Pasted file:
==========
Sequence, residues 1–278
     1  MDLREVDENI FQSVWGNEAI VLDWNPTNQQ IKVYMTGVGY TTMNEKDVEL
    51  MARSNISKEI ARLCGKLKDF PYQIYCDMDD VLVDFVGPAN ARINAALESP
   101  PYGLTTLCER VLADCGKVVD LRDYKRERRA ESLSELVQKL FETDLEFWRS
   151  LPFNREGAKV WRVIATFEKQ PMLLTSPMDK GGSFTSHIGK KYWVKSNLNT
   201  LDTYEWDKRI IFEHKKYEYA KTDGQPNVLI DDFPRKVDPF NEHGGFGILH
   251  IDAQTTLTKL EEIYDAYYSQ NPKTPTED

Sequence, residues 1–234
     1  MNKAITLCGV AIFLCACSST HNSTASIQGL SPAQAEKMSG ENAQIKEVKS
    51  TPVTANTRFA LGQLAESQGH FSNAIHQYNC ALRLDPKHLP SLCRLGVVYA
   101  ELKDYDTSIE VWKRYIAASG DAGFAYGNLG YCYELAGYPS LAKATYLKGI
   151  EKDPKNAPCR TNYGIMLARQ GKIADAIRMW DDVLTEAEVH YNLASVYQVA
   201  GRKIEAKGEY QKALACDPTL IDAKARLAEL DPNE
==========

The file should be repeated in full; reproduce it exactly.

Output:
Sequence, residues 1–278
     1  MDLREVDENI FQSVWGNEAI VLDWNPTNQQ IKVYMTGVGY TTMNEKDVEL
    51  MARSNISKEI ARLCGKLKDF PYQIYCDMDD VLVDFVGPAN ARINAALESP
   101  PYGLTTLCER VLADCGKVVD LRDYKRERRA ESLSELVQKL FETDLEFWRS
   151  LPFNREGAKV WRVIATFEKQ PMLLTSPMDK GGSFTSHIGK KYWVKSNLNT
   201  LDTYEWDKRI IFEHKKYEYA KTDGQPNVLI DDFPRKVDPF NEHGGFGILH
   251  IDAQTTLTKL EEIYDAYYSQ NPKTPTED

Sequence, residues 1–234
     1  MNKAITLCGV AIFLCACSST HNSTASIQGL SPAQAEKMSG ENAQIKEVKS
    51  TPVTANTRFA LGQLAESQGH FSNAIHQYNC ALRLDPKHLP SLCRLGVVYA
   101  ELKDYDTSIE VWKRYIAASG DAGFAYGNLG YCYELAGYPS LAKATYLKGI
   151  EKDPKNAPCR TNYGIMLARQ GKIADAIRMW DDVLTEAEVH YNLASVYQVA
   201  GRKIEAKGEY QKALACDPTL IDAKARLAEL DPNE